Young mentors from UBC Sauder School of Business team up with an ambitious Kenyan entrepreneur to adapt to pandemic

Rachel Irungu

Entrepreneur Rachel Irungu, of Kibera, Kenya, started a local business with the help of students of the UBC Sauder Social Entrepreneurship program.

Posted 2021-05-18

First published by the Globe Content Studio.

When Pavani Chugh first traveled to Kenya with 20 other business students in the summer of 2019, there was no pandemic, and nobody could have predicted how the world was about to change.

Chugh had been in Kenya to teach business, marketing and financial management skills to residents of Kibera and Mathare, two impoverished areas of Nairobi. The educational trip was a component of the UBC Sauder Social Entrepreneurship (SSE) program. When COVID-19 hit, Chugh, now graduated and working as an account development manager of The Coca-Cola Company in Toronto, instantly thought of Rachel Irungu, a budding entrepreneur she had met while in Kenya.

She knew the pandemic could have a disastrous effect on Irungu’s new business so she mobilized and set up a Zoom meeting with her fellow alumni to figure out how they could partner with and support Irungu and her peers once more.

“We were all wondering what we could do to make a difference,” says Chugh. “We knew these ambitious entrepreneurs were [already] struggling.”

A first action for Chugh and the group was to organize food and supply packages as an immediate, short-term solution. Soon after, Irungu reached out to SSE Kenya program director Jeff Kroeker and, together, they brainstormed options that would allow Irungu to pivot her business and address the needs of her community during the pandemic. Their solution? Move away from Irungu’s current enterprise of selling car wash detergent – to produce and distribute much-needed hand sanitizer instead.

The new product was called Rachel’s Refills: reusable bottles of multipurpose sanitizer for cleaning homes and businesses.

“The business skills developed in the SSE program became even more paramount once COVID-19 hit and this required Rachel to make a pivot,” says Kroeker. “The sales environment and her customers’ needs had changed, so that sparked a change to her value proposition.”

Irungu says the training she received from the UBC Sauder group in marketing, pricing, customer relations and bookkeeping helped her to figure out how to change course and meet the new needs of her customers.

Back in Canada, Chugh, along with fellow SSE grad, Zahara Foyston, a marketing specialist at TELUS in Vancouver, designed a new label for Irungu’s refill bottle, which clearly displays a telephone number to call when it’s time to refill it. They also incorporated a discount plan to encourage repeat customers.

Chugh says she isn’t surprised that Irungu has pivoted her business model to create Rachel’s Refills. “When we were in the classroom together back in Kenya, her optimism was so apparent. She saw opportunity over barriers, she possessed an innate resilience. Her enthusiasm and will to fight COVID-19 in her country, motivated me to work with her again.”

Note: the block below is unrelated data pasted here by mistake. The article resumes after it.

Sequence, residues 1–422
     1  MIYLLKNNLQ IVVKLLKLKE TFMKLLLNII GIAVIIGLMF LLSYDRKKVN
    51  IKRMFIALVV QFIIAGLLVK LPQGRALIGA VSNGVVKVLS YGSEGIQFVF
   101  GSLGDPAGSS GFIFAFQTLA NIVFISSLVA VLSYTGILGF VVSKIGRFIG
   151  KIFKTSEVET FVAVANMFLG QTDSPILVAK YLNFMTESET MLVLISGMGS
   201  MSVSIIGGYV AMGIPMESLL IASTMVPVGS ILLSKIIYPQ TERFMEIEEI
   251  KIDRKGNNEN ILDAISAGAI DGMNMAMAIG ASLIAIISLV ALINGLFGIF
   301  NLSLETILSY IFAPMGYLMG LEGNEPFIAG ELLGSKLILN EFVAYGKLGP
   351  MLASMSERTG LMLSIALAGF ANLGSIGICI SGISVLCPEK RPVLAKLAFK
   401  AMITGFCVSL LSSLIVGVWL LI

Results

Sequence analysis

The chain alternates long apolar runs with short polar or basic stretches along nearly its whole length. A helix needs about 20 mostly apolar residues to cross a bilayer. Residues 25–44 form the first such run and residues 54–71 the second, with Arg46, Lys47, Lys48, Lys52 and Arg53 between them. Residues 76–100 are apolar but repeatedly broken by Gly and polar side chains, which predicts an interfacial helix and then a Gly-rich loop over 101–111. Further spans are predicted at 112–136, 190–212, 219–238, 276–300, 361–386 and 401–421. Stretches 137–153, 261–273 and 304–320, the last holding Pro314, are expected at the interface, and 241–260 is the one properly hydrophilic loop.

Yes, we were in Kenya to fuel entrepreneurship, but in return we gained valuable perspective on how businesses run in other contexts and places.


Toronto-based Pavani Chugh went to Kenya to teach business, marketing and financial management skills to local entrepreneurs. The educational trip was a component of the UBC Sauder Social Entrepreneurship program.


Kroeker says it’s clear the program is all about teamwork. “Technology enabled us to maintain communication with our SSE entrepreneurs and it drove partnership and knowledge exchange to a new level,” he explains. “Collaboration was and is very active to this day, and this is based on the foundation of friendships between these amazing entrepreneurs and SSE.”

Irungu’s positive spirit may explain how, in addition to running her business, she is also a well-respected health-care volunteer in the community, where she helps patients suffering from tuberculosis or who are bedridden, and people with HIV who are unable or unwilling to go to the hospital. She has also brought other families into her home and cared for them.

She says she has tried to run other businesses in the past, but her community commitments can be overwhelming. This time is different, she says, as the sanitizer business aligns with her values about caring for her community.

The SSE Kenya program aligns with Chugh’s values as well. Before moving to Canada from India at age 18, she taught disadvantaged students in high school and middle school as a volunteer.

While earning a Bachelor of Commerce with a specialization in marketing at UBC Sauder, she learned about the SSE program from Kroeker and decided to apply.

While the Kenyan students learned valuable lessons from Sauder’s SSE instructors, Chugh says she learned just as much from the students. Eating lunch together and connecting on a human level gave her an understanding of different cultures that still resonates today, and has helped her, in her sales position at Coca-Cola, relate to a number of clients who are newcomers to Canada.

“It was a two-way exchange,” she says. “Yes, we were in Kenya to fuel entrepreneurship, but in return we gained valuable perspective on how businesses run in other contexts and places.”

Kroeker adds: “It is truly amazing to be able to work side by side across the globe, in a virtual sense, to facilitate business expansion, creation and in such, create economic betterment and hope.”

In late spring of 2020, UBC Sauder partnered with other Kenyan SSE entrepreneurs to produce 12,000 masks to fight COVID-19 in addition to producing household disinfectant in reuseable containers. As SSE Kenya program director Jeff Kroeker says, “Tuko pamoja, we are together.” Please see video for more on this collaboration.

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